Heart Home > Sotalol Overdose
An overdose of sotalol can be quite serious and may lead to congestive heart failure, constriction of the airway, and dangerous irregular heart rhythms. The specific effects will vary, depending on how much sotalol was taken and whether it was combined with other substances. Treatment for those who take too much sotalol may involve "pumping the stomach," certain medications, and supportive care.
Sotalol (Betapace®, Sorine®) is a prescription medication used to treat irregular heart rhythms (arrhythmias). As with most medications, it is possible to take too much sotalol. The specific effects of an overdose can be dangerous, but will vary, depending on a number of factors, including the sotalol dosage and whether it was taken with any other medications or substances.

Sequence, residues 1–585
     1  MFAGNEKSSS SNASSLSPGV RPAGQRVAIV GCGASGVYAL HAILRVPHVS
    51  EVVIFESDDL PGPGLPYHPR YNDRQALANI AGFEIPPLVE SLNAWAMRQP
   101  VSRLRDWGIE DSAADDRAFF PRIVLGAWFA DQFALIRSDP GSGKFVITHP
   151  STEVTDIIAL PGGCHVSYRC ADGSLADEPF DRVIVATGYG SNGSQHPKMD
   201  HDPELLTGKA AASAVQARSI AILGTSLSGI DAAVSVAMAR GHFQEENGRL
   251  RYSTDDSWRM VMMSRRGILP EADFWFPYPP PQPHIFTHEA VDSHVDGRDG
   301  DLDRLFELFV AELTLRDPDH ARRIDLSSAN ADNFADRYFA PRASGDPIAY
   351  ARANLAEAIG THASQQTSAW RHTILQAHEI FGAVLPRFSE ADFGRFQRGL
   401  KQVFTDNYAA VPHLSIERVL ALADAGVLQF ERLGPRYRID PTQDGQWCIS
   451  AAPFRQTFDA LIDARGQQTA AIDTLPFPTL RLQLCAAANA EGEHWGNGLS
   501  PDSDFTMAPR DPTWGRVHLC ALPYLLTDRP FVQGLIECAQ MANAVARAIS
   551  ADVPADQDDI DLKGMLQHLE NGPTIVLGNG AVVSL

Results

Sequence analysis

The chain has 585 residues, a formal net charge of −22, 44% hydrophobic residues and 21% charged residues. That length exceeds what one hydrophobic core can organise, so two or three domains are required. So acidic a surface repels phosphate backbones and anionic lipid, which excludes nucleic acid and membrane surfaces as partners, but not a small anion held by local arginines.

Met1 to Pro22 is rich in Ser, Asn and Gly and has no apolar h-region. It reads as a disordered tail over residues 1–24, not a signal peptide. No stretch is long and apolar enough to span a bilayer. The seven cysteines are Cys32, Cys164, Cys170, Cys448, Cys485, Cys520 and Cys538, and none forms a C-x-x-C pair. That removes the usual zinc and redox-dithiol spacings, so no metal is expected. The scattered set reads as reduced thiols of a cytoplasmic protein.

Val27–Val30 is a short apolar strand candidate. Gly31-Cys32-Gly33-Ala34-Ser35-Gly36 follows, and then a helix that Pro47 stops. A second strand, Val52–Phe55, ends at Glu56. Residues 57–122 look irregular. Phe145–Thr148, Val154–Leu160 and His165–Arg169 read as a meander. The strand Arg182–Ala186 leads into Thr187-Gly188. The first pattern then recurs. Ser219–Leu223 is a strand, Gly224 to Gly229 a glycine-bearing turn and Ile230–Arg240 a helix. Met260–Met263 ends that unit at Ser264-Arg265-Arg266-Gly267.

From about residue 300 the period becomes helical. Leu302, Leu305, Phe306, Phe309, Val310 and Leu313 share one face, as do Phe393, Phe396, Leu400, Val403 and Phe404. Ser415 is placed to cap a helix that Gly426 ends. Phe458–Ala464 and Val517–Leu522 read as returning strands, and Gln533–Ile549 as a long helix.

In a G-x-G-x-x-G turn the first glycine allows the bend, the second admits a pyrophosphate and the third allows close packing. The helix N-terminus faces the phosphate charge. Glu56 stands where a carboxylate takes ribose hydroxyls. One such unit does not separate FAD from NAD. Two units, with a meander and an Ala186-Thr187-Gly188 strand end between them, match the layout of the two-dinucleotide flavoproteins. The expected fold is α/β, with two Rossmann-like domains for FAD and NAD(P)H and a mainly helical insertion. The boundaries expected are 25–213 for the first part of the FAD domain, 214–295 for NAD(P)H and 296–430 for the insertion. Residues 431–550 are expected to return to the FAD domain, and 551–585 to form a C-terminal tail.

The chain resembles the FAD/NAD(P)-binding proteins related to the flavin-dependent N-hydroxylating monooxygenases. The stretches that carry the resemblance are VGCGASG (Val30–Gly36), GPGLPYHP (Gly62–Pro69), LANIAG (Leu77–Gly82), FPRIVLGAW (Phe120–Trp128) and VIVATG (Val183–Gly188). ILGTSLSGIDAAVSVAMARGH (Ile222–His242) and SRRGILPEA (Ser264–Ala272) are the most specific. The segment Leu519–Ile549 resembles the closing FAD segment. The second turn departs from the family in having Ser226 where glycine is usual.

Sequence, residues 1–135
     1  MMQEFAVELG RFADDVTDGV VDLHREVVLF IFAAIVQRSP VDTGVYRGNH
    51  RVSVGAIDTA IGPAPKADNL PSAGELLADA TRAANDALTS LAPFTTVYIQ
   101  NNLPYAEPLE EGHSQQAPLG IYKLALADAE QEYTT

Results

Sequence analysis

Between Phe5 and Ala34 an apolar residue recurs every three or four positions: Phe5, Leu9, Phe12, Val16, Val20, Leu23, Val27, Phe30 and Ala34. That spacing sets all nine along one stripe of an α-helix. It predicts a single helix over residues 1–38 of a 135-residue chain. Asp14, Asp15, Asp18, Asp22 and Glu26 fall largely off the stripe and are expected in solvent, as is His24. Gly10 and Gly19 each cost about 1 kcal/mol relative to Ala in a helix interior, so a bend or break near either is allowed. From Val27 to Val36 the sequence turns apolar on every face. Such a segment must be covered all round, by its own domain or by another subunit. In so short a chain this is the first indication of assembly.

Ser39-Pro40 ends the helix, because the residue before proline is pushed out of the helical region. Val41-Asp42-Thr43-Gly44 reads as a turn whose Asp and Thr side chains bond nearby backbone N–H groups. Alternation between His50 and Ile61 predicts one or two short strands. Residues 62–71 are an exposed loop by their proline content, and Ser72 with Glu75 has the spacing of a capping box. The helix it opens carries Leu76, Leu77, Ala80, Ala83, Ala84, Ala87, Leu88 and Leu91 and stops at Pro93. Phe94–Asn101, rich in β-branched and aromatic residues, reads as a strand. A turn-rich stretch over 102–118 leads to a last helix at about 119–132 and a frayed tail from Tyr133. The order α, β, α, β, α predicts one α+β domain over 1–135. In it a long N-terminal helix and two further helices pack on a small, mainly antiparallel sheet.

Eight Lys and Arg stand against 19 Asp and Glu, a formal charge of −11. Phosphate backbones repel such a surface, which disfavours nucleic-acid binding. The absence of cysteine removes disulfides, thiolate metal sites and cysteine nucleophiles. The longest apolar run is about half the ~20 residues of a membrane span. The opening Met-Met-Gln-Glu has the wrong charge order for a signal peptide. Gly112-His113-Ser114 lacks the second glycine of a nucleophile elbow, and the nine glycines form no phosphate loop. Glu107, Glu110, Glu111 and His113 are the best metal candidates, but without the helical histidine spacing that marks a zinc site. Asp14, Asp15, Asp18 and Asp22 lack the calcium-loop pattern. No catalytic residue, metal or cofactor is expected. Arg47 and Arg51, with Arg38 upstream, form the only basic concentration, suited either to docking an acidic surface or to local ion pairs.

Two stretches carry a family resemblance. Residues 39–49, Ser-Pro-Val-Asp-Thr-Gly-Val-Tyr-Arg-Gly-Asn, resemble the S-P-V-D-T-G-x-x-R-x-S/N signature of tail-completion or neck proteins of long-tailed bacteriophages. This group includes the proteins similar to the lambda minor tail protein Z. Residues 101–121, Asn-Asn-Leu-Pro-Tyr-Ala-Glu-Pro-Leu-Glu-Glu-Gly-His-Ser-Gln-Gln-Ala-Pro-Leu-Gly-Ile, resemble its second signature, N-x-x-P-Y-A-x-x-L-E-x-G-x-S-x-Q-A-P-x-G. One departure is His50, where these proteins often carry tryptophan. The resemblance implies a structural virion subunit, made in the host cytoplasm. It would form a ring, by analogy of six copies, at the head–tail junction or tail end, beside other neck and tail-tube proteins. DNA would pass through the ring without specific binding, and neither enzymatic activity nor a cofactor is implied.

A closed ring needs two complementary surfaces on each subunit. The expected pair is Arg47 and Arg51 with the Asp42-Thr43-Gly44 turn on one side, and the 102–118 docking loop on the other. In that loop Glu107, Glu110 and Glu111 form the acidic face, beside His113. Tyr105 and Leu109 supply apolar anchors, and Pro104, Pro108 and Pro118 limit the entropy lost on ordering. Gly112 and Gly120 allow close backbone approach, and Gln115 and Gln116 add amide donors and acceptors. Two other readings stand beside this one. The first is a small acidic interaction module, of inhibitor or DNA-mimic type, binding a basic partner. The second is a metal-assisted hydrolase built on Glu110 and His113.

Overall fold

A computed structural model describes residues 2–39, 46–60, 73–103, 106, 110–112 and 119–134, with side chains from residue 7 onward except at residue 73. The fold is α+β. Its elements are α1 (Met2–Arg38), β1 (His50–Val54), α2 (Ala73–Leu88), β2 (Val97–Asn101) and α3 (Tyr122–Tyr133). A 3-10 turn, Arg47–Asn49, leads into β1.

An overdose of sotalol or other beta blockers may cause the following problems:
- Slow heart rate (bradycardia)
- Constriction of the airway, which may cause breathing problems
- Low blood pressure (hypotension)
- Low blood sugar (hypoglycemia)
- Congestive heart failure
- Dangerous irregular heart rhythms (arrhythmias).
The treatment for a sotalol overdose will vary. If the overdose was recent, your healthcare provider may give certain medicines or place a tube into the stomach to "pump the stomach." Dialysis is not useful for removing the medication from the blood. Treatment will also involve supportive care, such as:
- Giving medications to increase the heart rate or control an arrhythmia
- "Shocking" the heart (electrical cardioversion) if necessary
- Giving IV fluids and medications to increase blood pressure
- Giving asthma medications to reverse airway constriction
- Giving IV glucose to reverse low blood sugar.
It is important that you seek medical attention right away if you believe that you may have taken too much sotalol.